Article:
Does throwing a left pseudo-hook / bent arm jab like that allow the person doing it to double up on the hook easily? The weight transfer sequence seems like it would be the same as a regular jab-hook combination: lead foot planted with hip rotation and back leg pushing off, followed by the weight going slightly back while the front foot rotates.
     
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  5. Journeyman92

    Journeyman92 A L O H A Full Member

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    I don’t think it makes it easier or faster I think functionally you probably can still double up.
    I don’t think there is a con to punching properly or a useful pro to doing otherwise - you can be faster slapping and cuffing the way a lot of speedsters have or you can punch short the way Louis did and hurt people.
    Shifting your weight is bedrock foundational stuff. Think of this if you aren’t punching from the hips (shifting the weight) your head won’t move or it will but minimally. That is very important for certain attacks.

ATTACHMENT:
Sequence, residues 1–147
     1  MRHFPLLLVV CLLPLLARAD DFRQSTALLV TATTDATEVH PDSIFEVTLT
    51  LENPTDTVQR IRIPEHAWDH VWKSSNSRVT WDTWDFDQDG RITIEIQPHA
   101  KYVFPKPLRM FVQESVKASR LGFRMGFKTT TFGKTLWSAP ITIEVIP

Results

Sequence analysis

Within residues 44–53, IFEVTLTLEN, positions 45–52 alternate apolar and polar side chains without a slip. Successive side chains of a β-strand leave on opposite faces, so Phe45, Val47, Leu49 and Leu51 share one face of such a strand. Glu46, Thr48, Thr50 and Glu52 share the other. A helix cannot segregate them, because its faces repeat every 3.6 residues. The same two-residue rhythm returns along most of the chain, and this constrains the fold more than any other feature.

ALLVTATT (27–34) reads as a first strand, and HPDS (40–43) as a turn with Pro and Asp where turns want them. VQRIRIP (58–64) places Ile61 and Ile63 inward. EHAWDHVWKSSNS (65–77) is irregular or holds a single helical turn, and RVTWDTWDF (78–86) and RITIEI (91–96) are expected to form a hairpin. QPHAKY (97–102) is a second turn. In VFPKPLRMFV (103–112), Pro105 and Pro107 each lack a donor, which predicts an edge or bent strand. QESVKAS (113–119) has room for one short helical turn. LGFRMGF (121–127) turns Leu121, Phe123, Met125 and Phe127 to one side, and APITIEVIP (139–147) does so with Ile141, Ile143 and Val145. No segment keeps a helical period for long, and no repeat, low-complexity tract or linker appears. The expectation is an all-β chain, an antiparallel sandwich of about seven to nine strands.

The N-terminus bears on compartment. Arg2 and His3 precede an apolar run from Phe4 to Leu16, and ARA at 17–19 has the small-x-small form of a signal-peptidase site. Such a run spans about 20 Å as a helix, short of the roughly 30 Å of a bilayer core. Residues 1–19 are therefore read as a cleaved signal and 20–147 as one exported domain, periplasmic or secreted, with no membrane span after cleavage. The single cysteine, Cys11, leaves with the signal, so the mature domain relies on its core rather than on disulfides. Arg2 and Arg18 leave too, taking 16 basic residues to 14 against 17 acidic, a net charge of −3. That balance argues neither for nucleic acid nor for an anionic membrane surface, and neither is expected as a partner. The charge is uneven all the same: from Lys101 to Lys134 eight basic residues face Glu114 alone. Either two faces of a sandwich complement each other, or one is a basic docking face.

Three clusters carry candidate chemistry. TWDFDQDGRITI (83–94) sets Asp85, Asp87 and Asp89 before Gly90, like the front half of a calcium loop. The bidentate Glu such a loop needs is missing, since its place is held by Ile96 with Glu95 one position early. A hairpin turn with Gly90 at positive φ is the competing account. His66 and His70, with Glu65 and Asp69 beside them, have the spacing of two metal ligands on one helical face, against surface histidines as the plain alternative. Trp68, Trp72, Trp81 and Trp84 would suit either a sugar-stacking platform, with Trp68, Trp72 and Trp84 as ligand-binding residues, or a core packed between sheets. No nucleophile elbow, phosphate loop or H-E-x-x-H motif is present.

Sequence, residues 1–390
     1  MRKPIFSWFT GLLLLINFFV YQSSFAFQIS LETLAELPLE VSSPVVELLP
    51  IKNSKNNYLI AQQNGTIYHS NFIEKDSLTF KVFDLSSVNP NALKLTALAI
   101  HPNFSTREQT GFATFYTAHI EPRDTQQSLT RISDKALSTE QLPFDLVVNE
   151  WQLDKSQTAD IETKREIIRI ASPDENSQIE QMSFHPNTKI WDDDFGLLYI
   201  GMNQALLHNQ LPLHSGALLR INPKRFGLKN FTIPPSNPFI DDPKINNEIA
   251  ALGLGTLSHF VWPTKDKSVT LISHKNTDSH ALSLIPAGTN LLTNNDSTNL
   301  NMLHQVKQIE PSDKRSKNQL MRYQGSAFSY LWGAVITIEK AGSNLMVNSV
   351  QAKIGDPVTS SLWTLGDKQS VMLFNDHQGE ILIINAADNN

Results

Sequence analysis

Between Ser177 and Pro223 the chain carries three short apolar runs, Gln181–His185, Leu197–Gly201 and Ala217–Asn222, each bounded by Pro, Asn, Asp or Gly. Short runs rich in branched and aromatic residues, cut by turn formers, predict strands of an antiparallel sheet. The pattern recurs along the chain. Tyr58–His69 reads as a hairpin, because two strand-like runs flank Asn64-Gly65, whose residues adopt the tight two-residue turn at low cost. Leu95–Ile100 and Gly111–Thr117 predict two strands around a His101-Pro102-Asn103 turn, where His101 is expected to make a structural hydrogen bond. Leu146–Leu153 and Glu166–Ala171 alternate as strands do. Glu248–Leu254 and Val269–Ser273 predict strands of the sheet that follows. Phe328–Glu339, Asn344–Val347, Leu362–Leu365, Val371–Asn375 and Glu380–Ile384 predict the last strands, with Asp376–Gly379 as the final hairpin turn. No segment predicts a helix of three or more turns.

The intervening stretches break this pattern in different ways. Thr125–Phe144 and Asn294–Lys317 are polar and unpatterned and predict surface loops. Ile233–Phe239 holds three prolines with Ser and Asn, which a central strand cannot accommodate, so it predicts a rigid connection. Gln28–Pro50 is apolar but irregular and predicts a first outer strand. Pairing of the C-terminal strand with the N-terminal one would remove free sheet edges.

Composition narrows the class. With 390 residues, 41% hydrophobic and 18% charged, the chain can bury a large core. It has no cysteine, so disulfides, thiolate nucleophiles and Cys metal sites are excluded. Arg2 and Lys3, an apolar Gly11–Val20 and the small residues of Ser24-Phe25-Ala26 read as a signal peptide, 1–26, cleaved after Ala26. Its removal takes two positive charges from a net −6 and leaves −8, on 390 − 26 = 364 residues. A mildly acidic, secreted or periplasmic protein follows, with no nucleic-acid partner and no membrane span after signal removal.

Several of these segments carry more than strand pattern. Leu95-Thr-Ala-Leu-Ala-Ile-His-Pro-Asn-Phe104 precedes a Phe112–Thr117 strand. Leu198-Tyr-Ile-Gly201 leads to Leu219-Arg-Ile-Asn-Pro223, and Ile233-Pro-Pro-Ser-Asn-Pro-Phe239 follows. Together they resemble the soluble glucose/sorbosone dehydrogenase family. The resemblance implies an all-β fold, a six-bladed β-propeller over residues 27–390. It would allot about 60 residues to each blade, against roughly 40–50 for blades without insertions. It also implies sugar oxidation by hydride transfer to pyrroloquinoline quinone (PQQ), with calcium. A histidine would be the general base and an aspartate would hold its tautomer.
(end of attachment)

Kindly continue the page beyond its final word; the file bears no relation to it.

Even Frazier defence his ducking and rolling do you notice the consistent separation between when he’s attacking and when he’s avoiding punches?
    I think Frazier might be a good example of what @greynotsoold has spoken about where guys take turns punching (clarify if I’m wrong my friend)
    Think about this too… if you throw your left hook and you want to weave correctly - you slide your left foot left when the rear leg has the weight then you chase that weight to hit them with a right uppercut to the body on the way through - If you tried it with all the weight on the front leg what happens?
    Note I am not the best communicator and am willing to clarify but I am a know nothing so please perhaps check with the knowledgeable responses to this post.
     
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  6. Pat M

    Pat M Active Member Full Member

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    Another problem with leaving the weight on the front foot will occur if you miss the left hand. If you let your weight transfer to the right foot and miss you can push off the right foot "roll" back under to your left and do it again. You'll be balanced and in a strong position. But if your weight is on your left foot (front), it would be difficult to reset. A miss would probably leave you hanging in a position where the other guy can counter with a right hand.
    Leaving the weight on the front foot may also make the person more likely to let his head get past his knee. That affects balance and will leave a person vulnerable defensively. Some people make something they do wrong "work" for them, but just because it worked for them doesn't mean that someone else should copy it or teach it to others. Good body mechanics and technique will give a person an edge over the guy who makes something work that he is doing wrong.